Keir, Yes indeedy. The problem arises when you start eating it
BD2000, very sensible target. I would put money on you breaking 2 hours.
My glutes are killing me. Every time I go back in the gym, I say to myself 'ease in gently'. And every time I end up aching for a few days. Fartlek only today after a really good warm-up. Cross country on Sunday.
Keir wrote (see)
Preston - Speed work is like adding the cherry on top when it comes to marathon training. First you need the cake (base miles) and then some icing (slightly faster 80% / marathon pace work). If all goes well, then think about adding the cherry, but don't start adding cherries before you have baked and iced the cake. Any baker would be able to tell you that!
That's such a brilliant way of summing the whole thing up, Keir. Love it!!Sorry, been neglecting this thread a bit last week Huge congrats are in order to Gaz and Dr. Dan. Well done, boys Not much to report from me - I jogged an abysmal (6min PW anyone?) 10k on Sunday but as I was coming down with a cold this wasn't a huge surprise. Feeling better now but sticking to 70% runs only this week until I beat the lurgy. BD: like others said, those numbers mean zilch. If you end up with too much drift just start a bit slower. I usually run the first 2 or 3 miles at 60-65% to warm up and get very little drift that way.Preston: I had pretty good success with a mix of Hadd and P&D for my autumn marathon. I used Hadd for base training and then launched immediately into the 12week P&D version, ran most runs around 70-75% and combined the Hadd LT runs with the medium long P&D ones which meant I got some extra MP work in. There's not much speedwork in P&D so I kept those sessions in .
Brian, I did see your question re: long runs and responded, but I think it got lost in all the other posts.
For the marathon I did 6 20 mile plus long runs, a couple of these were progressive runs (10 miles slow and 10 miles at marathon pace). Also Did plenty of 15mile plus long runs and during the week did runs of up to 10 miles. I also did tempo/speedwork as runners world schedule, which in hindsight I think I would have been better doing longer runs during the week.
Planning to initially do 2hr long run building up to 2hrs 30 mins after a number of weeks, a start with a long run of 90 minutes plus during week.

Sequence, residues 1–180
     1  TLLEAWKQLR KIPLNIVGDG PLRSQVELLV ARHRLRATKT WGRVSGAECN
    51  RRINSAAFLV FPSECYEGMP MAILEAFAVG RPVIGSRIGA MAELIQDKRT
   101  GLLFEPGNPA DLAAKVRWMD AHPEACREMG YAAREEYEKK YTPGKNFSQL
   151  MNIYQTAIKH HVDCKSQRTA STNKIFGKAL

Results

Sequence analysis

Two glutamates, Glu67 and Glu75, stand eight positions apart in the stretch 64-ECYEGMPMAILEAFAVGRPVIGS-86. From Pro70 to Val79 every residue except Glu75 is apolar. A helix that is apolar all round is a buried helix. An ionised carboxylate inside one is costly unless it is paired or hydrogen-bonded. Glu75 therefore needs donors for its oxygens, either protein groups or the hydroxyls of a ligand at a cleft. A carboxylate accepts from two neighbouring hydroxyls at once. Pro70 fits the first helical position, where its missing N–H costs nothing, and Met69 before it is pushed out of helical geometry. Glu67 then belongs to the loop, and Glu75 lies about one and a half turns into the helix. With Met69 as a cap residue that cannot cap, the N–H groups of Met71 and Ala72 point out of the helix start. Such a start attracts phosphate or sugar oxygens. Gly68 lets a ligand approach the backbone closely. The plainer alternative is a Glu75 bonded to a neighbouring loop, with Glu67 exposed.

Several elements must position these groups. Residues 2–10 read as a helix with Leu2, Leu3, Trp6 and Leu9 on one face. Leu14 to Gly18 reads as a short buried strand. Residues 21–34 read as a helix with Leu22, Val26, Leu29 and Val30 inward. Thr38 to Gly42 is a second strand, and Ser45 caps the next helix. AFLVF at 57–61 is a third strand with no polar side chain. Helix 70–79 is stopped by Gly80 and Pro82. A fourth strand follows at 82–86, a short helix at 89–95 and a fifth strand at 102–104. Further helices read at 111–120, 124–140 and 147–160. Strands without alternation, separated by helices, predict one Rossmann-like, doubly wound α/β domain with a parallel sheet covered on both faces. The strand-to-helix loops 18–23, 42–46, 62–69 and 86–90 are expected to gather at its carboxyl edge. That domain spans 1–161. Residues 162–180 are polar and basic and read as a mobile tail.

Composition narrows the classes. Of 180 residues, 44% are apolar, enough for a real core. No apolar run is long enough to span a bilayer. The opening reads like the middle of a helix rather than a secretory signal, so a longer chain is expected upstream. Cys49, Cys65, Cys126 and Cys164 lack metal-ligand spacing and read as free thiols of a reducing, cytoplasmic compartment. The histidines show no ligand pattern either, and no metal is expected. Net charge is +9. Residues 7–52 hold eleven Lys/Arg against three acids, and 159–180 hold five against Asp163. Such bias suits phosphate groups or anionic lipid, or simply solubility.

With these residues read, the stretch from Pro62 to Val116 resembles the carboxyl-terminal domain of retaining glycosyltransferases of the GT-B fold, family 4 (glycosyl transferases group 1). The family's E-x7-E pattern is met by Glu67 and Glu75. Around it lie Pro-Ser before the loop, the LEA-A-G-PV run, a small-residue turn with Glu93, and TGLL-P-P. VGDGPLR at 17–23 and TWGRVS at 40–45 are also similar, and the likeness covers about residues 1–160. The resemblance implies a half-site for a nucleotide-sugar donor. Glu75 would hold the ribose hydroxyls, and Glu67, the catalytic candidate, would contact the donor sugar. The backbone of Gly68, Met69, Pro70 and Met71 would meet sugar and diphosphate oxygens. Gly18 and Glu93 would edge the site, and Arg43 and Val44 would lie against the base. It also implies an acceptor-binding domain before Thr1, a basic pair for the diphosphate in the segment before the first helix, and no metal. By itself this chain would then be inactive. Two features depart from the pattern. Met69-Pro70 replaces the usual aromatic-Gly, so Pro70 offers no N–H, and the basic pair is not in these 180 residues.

Thanks Chick. I find most things in life can be compared to eating cake or picking cherries Get better soon.
Finding the conversation about how to convert HADD into a P&D plan really interesting. 90min, 11miles at 8.10m/m between 70-75% in the dark and wet this morning. As always, the hardest bit is getting out of bed.
preston, nothing wrong with the long run stuff then. Personally I've never tackled more than the last 5M of a 20 at MP. 10 and 10 must be tough! Maybe too tough.....
I tend to split the progressive long run into 3, generally 5M easy (normally around 65-70%), 10M moderate (75%ish) and 5M near to target MP (80%+). Another useful variation is 2M hard/easys. These are 5x(2M easy/2M at MP).
If target races are Half Marathons (lets say for the next 2 to 3 years) rather than Marathons is 30 mile a week enough with the longest run at 10 to 12 miles?
Considerations for HM's only is the actual time I'm limited to with training. I note for the big boys and girls running marathons it's 50 miles plus (as per the HADD document) but quite honestly I just can't do that. I recognise that with a lower mileage it will take me longer to squeeze everything out of the tube but I'm prepared for that. Bear in mind each run I do is 70+ mins.
Thanks Chick. I find most things in life can be compared to eating cake or picking cherries Get better soon. Finding the conversation about how to convert HADD into a P&D plan really interesting. 90min, 11miles at 8.10m/m between 70-75% in the dark and wet this morning. As always, the hardest bit is getting out of bed.
Agree, the CNBA fairy has huge persuasion powers at the mo!